It’s been a sad week this week with the passing of Steve Jobs.

Steve Jobs for those who don’t know founded Apple Computers in the 1970s / 1980s, was fired, and came back in the mid 1990’s in time to re-invent the iMac, and lead the company to launch iTunes, the iPod, the iPhone and the iPad, as well as the MacBook Air and other similar delights.

Many an Apple fan (myself included) have mourned the passing of such an energetic salesman and businessman. There are many obituaries on the web for him, and since I never knew the man I feel it inappropriate to comment myself. However, I do feel it necessary to realise just how this man has changed so many of our lives…even if you have never used an Apple computer.

One of the concepts Steve and Apple helped pioneer is the mouse. Think of the early Commodores, Spectrums and DOS and the mouse never really featured on early computers. It was Apple that helped (not on its own, but certainly a key player) in it becoming an essential part of the modern computer. The idea of being able to sell the concept to manufacturers, programmers and us, the buying public.

The other thing Apple under Steve Jobs helped pioneer was the GUI – Graphic User Interface. Again, computers used to be all text based – anyone my age will remember the old BBC computers, typing in the commands to run a program. Certainly I remember seeing an Acorn computer with a mouse and pictures on the screen and being awed by the concept. Icons, menu bars, things to see and click were agin from the early Apples.

Later, MP3 players really begun to take off in my humble opinion with the iPod and iTunes, the seemless link where I can click to buy music, and bang, it appears on my iPod, with no effort on my part. That concept, that harmonisation between buying and importing the songs and them transferring while I check my emails made the concept sellable to the public at large.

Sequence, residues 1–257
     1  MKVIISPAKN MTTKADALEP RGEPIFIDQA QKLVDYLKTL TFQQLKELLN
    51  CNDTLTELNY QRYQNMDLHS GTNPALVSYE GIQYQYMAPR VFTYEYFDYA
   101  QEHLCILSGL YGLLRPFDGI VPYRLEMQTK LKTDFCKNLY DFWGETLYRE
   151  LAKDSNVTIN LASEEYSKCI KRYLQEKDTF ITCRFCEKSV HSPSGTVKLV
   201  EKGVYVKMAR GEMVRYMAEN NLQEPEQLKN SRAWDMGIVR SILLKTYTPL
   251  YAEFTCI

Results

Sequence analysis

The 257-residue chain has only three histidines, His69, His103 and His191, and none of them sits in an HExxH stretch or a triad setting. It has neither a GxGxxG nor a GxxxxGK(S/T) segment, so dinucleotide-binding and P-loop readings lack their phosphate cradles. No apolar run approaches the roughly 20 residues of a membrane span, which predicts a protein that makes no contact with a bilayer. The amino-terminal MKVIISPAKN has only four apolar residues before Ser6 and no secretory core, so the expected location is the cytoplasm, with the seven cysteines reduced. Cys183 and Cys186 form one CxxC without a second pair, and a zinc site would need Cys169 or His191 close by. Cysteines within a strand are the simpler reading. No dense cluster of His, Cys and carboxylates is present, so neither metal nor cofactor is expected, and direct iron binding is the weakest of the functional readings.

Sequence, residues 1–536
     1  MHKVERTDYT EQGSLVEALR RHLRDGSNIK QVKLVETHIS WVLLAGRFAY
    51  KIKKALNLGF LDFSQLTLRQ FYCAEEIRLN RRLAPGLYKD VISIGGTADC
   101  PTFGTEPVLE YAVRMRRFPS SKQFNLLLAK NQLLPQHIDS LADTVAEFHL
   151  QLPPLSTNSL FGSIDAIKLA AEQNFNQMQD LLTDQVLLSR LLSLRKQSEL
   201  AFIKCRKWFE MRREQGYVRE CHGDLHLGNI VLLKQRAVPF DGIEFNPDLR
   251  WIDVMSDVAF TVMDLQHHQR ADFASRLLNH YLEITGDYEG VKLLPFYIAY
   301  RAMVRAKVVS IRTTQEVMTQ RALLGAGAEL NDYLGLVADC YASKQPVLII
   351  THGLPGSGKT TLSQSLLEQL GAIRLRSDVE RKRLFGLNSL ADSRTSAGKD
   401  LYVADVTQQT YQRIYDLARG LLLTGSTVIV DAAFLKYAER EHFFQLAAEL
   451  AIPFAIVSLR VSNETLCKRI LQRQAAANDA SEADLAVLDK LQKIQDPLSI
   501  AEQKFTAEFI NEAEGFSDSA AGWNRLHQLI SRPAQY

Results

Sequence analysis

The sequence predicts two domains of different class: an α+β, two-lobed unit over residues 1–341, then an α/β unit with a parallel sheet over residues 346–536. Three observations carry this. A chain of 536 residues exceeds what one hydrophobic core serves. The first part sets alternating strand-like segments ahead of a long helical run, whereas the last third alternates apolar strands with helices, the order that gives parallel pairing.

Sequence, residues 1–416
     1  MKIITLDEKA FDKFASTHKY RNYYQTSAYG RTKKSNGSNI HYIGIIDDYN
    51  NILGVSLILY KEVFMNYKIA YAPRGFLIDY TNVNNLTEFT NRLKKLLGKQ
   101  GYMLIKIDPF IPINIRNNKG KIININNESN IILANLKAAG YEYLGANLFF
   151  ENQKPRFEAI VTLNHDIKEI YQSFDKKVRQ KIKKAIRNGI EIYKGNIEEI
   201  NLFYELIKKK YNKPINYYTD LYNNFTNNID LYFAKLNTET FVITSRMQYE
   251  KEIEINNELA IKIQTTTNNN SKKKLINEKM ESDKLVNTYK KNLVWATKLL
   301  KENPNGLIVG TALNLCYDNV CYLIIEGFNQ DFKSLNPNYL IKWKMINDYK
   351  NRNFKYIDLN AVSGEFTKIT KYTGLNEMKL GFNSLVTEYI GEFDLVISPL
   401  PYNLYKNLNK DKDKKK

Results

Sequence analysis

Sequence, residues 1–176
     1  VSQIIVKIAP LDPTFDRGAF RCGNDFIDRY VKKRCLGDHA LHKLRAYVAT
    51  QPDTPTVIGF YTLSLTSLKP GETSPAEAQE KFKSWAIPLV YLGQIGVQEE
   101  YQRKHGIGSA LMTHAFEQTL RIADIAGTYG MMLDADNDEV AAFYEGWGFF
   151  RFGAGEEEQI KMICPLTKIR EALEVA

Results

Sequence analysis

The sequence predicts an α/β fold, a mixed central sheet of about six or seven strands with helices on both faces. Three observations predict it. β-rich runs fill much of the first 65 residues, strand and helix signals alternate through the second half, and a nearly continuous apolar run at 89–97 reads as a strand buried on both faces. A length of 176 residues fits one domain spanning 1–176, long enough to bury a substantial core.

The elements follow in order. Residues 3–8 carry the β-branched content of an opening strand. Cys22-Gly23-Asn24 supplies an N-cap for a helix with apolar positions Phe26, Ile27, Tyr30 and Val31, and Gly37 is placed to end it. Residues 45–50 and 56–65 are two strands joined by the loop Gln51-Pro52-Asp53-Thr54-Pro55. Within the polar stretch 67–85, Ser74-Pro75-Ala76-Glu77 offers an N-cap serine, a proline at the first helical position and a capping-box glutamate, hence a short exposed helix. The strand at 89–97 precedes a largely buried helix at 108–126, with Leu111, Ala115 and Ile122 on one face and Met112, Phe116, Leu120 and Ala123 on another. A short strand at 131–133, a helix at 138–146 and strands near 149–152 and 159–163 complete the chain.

As I’ve said before, many other pages on the web can highlight in more detail about Apple’s inventions and Steve as a man (the good, the bad, and regrettably when someone passes away, the ugly comes out too), but I just feel we all need to spend a moment to acknowledge how the world of computing was immeasurably shaped by this man. RIP Steve, and thanks for  vision.


P.S. As an Apple fan, typing this on my iMac, I have to say I think Apple computers are the bees knees. Yes, they’re slightly more expensive than Microsoft’s offerings. Yes, they’re not perfect. Yes, Steve didn’t donate as much to charities and projects as the Bill Gates Foundation is currently doing. And yes, I’ve even read comments that say “Oh, why are we mourning a businessman who made profit from all of us?” Surely the success of the company, with which he had such influence with and gave so much of himself to, to the point everyone has heard of it and its products, is all the testimony the man needs. And he was a man, a flawed man, but a man nonetheless, we should all be respectful for his passing. </rant> 🙂